Easy Guide for Kid’s Stocks & Shares Junior ISA Investment in UK.

Easy Guide for Kid’s Stocks & Shares Junior ISA Investment in UK.

What is a Junior ISA account?

This article is strictly for UK readers only as the Junior ISA accounts are only applied to UK residents under 18. Junior ISA is basically a tax free savings for your kids, maximum contribution of £4,128 (2017-18) a year,  from the day they are born (after 3rd Jan 2011) till when they reach 18. After that it gets converted to adult ISA. 

No, you cannot withdraw the money at all until they turn 18. This account is to highly encourage parents to save money for their children and shelter cash to be tax efficient. Any extra income or profits earn are not subject to capital gains and no further tax to pay. i.e If you invest in £10,000 in Amazon today and if it grows ten times in 18 years later you will make £100,000 tax free on a Junior Stocks and Shares Isa. If this was a normal stocks and shares account you would be subjected to 40% tax.

Why Junior ISA account?

Junior ISA is a tax efficient way to save for your child’s future. In all honesty, Parents are mostly the culprit for spoiling kids by over-buying of toys and unnecessary spending. There are two types of Junior ISA (CASH Junior ISA and Stock&Shares Junior ISA). Cash ISA is like a savings account and earn interest rates which can vary against the Bank of England Rates. The Stocks & Shares ISA are riskier as you potentially could lose more than initially invested.

By saving £50 a month for a child’s junior ISA from the day they are born till 18 you will reaps these rewards.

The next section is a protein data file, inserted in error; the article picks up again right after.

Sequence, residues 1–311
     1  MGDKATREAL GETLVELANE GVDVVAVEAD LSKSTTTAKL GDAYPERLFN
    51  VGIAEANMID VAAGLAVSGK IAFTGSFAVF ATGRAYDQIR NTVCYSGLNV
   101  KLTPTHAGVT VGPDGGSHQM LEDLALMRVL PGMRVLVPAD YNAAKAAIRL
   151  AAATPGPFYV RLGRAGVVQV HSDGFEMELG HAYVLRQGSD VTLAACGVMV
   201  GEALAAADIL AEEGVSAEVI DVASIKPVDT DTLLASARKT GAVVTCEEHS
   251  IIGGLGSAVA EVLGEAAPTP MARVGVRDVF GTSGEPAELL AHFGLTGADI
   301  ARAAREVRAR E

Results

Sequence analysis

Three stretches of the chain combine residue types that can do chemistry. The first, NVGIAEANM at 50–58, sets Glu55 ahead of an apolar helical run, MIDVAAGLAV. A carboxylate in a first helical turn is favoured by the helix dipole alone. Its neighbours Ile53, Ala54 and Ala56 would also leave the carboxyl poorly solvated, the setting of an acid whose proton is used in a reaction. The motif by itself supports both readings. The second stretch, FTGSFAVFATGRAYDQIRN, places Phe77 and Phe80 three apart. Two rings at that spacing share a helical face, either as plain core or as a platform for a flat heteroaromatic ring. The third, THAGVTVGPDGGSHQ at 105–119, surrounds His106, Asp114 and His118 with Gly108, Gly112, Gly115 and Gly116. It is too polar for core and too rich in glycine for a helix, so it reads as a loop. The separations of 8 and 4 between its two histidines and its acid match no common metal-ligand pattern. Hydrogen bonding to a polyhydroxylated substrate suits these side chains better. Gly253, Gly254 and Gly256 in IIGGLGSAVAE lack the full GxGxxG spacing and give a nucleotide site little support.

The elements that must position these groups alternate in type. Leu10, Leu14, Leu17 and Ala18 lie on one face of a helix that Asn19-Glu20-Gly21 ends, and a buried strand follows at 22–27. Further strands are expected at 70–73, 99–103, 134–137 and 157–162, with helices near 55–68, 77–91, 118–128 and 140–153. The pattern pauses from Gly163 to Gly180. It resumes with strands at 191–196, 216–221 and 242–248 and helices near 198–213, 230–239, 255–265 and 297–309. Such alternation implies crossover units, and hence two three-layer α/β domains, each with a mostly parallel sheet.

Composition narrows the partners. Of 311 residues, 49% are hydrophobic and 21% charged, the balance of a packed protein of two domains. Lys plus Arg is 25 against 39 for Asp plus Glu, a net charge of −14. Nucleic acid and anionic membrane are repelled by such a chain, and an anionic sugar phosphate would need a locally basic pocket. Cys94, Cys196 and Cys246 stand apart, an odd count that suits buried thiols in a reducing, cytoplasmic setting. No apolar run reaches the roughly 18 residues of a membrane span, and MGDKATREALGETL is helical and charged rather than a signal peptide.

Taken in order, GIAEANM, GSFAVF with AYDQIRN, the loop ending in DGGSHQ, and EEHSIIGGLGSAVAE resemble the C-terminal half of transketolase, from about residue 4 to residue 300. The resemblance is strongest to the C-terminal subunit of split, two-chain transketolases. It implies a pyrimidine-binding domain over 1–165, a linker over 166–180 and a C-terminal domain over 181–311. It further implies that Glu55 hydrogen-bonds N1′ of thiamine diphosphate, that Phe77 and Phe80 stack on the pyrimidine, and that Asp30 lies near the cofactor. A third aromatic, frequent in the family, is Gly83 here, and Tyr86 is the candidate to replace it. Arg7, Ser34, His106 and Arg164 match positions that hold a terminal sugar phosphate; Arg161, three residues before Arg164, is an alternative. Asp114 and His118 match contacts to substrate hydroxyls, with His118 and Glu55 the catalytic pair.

Case Study 1 – Cash ISA of 3.5% growth and reinvestment @ £50 per month.

  • Average 3.5% growth for 18 years
  • £50 a month
  • Total £10,800 for 18 years
  • Final Figure after 18 years = £14,699.81
  • More than 40% increase

Case Study 2 – Stocks and Shares ISA of 7.5% growth and reinvestment @ £50 per month.

  • Average 7.5% growth for 18 years (This is the average FTSE 100 index for the last 30 years)
  • £50 a month
  • Total £10,800 for 18 years
  • Final Figure after 18 years = £21,406.43
  • More than 200% increase

Case Study 3 – Stocks and Shares ISA of 7.5% growth and reinvestment @ max allowance.

  • Average 7.5% growth for 18 years (This is the average FTSE 100 index for the last 30 years)
  • £4100 a year (assuming no change in max allowance)
  • Total £73,800 for 18 years
  • Final Figure after 18 years = £146,277.29
  • More than 200% increase

Personally I favour the Stocks & Shares ISA more than the Cash ISA. I understand the risk involved in investing in stocks and shares. The growth prospects of a Stocks & Shares Junior ISA is greater. 18 years is a very long time for an investment, providing you invest in good quality company, your money would stand the test of time.

When to open and contribute Junior ISA account?

The earlier you open a Junior ISA, the quicker the money can be invested to beat inflation. The first week of April  always signals the end of an ISA year and also the Start of another new ISA year. So technically you can invest both allowance (£4,128+£4,260) in the same 1st week of April.